Chapter 32. Technical Issues




  •  Markup Languages
  •  Scripting Languages
  •  Summary

So far in this book, the focus has been on Dreamweaver as a visually based HTML editor that gives you easy access to the code behind it all. However, this last section examines Dreamweaver another way: as a program for working with code that includes a sophisticated previewing system for how that code will eventually display in a browser. If that sounds strange to you, remember that one of the reasons for the massive popularity of Dreamweaver in the web-authoring community is that it really can be used either way. The coding geeks and artists might not agree on how to use Dreamweaver, but most of them agree that it's good to use Dreamweaver.

This introduction to the code-centric part of the book takes a look at the web from a coding point of view. What's out there, beyond HTML and JavaScript, and how do those languages fit into the grand scheme of things?

Markup Languages

Markup languages are used to describe the structure of web documents. The most ubiquitous markup language, of course, is HTML but it's not the only one.

SGML and the Basic Structure of Markup

HTML, XML, XHTML, WML all the "ML" acronyms are markup languages, as are SVG, SMIL, and various others. No matter what their other differences are, all these languages share a common syntax you should already find familiar:

<tag attribute="value">content goes here</tag>

This universal reliance on tags marked by <> isn't a coincidence. All the markup languages are based on the same meta-language, Standard Generalized Markup Language (SGML). SGML is a set of rules for creating other languages. The goal is to create a set of tags that enable authors to describe a document's structure so that computers, printers, and other devices can logically interpret the document's contents. The major syntactical rules include the following:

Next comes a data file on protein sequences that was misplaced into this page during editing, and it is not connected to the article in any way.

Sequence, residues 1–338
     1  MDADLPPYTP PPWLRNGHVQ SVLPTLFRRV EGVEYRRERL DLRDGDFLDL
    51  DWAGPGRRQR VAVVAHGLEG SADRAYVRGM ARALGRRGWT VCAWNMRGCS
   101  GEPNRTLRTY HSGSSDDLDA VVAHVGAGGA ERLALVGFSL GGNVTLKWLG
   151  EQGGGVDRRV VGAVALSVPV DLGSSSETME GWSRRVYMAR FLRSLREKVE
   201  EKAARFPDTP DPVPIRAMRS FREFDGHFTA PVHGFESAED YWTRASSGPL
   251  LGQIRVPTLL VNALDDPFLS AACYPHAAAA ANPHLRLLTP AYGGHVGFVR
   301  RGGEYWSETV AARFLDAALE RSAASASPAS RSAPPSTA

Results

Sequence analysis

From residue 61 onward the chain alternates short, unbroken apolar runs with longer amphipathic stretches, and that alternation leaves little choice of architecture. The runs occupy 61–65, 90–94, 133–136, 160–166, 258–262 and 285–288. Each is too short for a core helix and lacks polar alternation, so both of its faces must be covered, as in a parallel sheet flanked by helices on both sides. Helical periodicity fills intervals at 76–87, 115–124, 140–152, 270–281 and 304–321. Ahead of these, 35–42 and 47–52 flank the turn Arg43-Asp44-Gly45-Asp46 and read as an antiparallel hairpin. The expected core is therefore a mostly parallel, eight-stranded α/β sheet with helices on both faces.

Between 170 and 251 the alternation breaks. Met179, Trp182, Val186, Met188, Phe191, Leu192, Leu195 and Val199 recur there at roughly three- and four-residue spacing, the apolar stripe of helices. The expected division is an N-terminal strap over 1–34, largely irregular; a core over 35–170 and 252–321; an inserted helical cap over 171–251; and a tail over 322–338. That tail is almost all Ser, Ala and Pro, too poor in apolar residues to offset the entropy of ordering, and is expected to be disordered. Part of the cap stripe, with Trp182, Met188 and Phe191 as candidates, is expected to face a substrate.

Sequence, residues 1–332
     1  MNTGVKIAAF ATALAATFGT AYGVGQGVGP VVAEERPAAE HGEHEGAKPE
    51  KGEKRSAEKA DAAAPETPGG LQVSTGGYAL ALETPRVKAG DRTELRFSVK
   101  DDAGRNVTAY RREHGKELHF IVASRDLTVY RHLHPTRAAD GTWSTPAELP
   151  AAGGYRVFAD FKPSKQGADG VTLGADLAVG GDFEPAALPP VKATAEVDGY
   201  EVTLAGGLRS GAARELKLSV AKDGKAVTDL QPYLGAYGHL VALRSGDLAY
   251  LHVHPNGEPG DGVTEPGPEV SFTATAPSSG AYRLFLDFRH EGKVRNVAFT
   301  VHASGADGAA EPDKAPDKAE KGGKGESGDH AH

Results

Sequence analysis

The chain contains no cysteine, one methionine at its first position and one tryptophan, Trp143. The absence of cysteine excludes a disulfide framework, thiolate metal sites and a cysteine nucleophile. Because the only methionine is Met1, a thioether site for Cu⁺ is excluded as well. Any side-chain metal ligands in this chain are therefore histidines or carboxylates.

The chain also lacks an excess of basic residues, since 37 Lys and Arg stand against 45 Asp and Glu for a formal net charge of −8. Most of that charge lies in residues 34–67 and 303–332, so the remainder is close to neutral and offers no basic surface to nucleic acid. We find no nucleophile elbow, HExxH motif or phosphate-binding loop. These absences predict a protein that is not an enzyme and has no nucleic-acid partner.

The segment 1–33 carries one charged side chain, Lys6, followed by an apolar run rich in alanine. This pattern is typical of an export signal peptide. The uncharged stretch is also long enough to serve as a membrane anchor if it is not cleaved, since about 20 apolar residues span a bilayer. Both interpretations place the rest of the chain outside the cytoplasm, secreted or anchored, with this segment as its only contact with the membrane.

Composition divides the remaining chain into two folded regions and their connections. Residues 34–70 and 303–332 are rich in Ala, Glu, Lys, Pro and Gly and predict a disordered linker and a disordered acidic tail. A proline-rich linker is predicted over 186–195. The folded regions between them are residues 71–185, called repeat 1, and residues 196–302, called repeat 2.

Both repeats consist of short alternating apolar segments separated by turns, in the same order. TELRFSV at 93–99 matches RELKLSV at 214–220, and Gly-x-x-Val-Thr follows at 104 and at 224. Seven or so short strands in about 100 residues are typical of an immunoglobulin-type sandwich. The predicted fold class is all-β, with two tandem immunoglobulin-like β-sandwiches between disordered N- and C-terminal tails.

• Opening and closing pairs of tags, marked by <> and </>, bracket content. Tags can be nested inside other tags, creating hierarchical "tree" structures that can be used to represent hierarchical data structures:

    <parent>      <child>content</child>  </parent>
  • Attributes, in the form of name/value pairs (name="value"), add specific characteristics to different occurrences of tags.

Although the tag and attribute names differ for different languages, all markup languages based on SGML use this same structure.

HTML, XML, and Other Languages

There's a wide world out there beyond HTML, although the whole party really started with HTML. Understanding where everybody came from, and why they developed, is an important part of expanding your web-authoring horizons.

HTML: Markup or Formatting Language?

Tim Berniers-Lee developed HTML in 1991 as a markup language to enable scientists to share technical papers across computer networks. It was simple enough that even "amateurs" could quickly master it. As the Internet developed, however, the needs of the commercial world changed HTML from its original intent. Instead of using HTML to represent document structure, with logical tags, such as <h1>, <h2>, <address>, and <strong>, authors started focusing on using HTML to create pages that would visually display a certain way in browsers, using tags such as <font>, <b>, and <i>.

CSS and the W3C